That nasty wad of hair that your cat hacks up right where you can step in it is called a “trichobezoar” in veterinary terms. We call it a “hairball.”

Since we just celebrated “Hairball Awareness Day” on April 25th, we wanted to help all of our cat pet parents better understand what constitutes a hairball, how to reduce the risk of your cat continuing to expel them, and to reveal some of the dangers cats face with the constant ingestion of hairballs.

How do hairballs develop?

Hairballs are a nasty by-product of your cat’s grooming habits. As she cleans herself, your cat swallows the dead hair that has come loose from her coat. Those tiny, slanted projections on the surface of her rough tongue (papillae) pick up the indigestible hair and propel it down her throat and into her stomach. Most of the hair is excreted intact in feces. What hair remains in the stomach takes on a typical, cylindrical cigar shape and becomes moistened by bile and digestive fluids.

Longhaired breeds, such as Maine Coons and Persians, are more likely to develop hairballs than shorthaired breeds. Older, more fastidious cats – the more experienced groomers – are at a significantly greater risk of hairballs than kittens and young cats. Additionally, as the weather warms and your cat starts to shed, you may find that hairballs are a more frequent issue with your pet.

What are some signs or symptoms of hairballs in my cat?

Some common hairball symptoms include hacking, gagging, and retching. Usually, your cat will then vomit the hairball in relatively short order. Contact your veterinarian if you notice signs of ongoing hacking, retching or vomiting without producing a hairball, lethargy, lack of appetite, constipation or diarrhea as these could indicate a potentially life-threatening intestinal blockage.

What can happen if my cat doesn’t hack up a hairball?

It’s not uncommon for some cats to vomit a hairball once a week or so, leaving you nothing more to worry about than having to clean it up. However, if you notice the warning signs mentioned above (ongoing vomiting, lethargy, disregard for food, constipation/diarrhea), it’s possible that the hairball has passed through the stomach and may be creating a blockage somewhere in the intestine.

Diagnosis of an intestinal blockage includes a physical examination, x-rays of the digestive tract, bloodwork, and your pet’s history of hairball regurgitation. Your cat may need several days of hospitalized treatment to include intravenous rehydration of the intestines and administration of a laxative to help move the hairball out of the body. Surgery may be the only option to removing some hairball blockages.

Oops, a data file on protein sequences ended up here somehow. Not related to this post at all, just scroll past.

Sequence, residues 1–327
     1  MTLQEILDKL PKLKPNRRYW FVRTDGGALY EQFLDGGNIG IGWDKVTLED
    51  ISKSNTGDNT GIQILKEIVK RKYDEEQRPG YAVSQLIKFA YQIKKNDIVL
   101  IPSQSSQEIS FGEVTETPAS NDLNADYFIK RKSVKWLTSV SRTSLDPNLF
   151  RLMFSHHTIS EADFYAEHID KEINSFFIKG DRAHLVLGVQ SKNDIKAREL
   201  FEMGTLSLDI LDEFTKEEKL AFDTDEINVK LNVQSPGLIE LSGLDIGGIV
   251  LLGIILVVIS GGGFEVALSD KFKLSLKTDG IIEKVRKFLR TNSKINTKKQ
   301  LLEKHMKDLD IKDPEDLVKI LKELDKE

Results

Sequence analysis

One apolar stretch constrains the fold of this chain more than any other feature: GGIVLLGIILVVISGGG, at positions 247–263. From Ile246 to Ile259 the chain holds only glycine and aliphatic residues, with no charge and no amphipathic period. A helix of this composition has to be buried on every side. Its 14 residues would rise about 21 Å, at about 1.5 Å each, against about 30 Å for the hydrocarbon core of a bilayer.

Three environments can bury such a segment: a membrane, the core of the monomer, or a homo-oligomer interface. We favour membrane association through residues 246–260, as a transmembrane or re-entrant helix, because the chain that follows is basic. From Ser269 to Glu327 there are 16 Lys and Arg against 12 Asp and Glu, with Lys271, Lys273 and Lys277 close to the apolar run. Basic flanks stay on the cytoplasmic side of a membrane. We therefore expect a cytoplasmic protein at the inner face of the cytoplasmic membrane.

It’s also possible that the frequent hacking has nothing to do with hairballs. It may instead be a sign that your cat is suffering from a serious respiratory ailment, such as asthma, in which case emergency treatment would be necessary.

How can I reduce the risk of my cat having hairballs?

There are several ways to lower the chances of hairballs becoming a problem for your cat:

  • Accustom your cat to daily brushings or combings to get rid of any dead or dying hair.
  • If your longhaired cat protests over daily brushings, take her to a reputable, trained groomer or your vet once or twice a year for a haircut. This is especially effective in the months when shedding accelerates.
  • Feed your pet a hairball remedy or lubricant – usually a mild, petroleum-based laxative – once a week or as often as your veterinarian recommends. You can purchase the remedy at your local pet store, online, or choose the one your vet suggests in their practice.
  • You can also purchase and feed specialty cat foods formulated to increase the amount of fiber in the diet, reduce shedding, improve skin and coat health, and decrease the formation of hairballs.
  • If your cat is an excessive groomer, distract her with a new toy or treat whenever you see her starting to lick. You can lower the chances of a hairball while you spend quality time with your furry companion.
  • Additionally, keep the floors of your home free of thread, paper clips, twist-wraps, and other materials that, if ingested, can become a dangerous hairball ingredients.

With just a few simple changes in your daily routine, you can protect your cat from possible serious health issues caused by hairballs, and lessen the time you spend cleaning them from your carpets, floors, and (ugh!) beds.

If your cat is prone to hairballs, be sure to let your VIP Pet Sitter know so that we can keep an eye out for any issues.  Have a question? Contact us.

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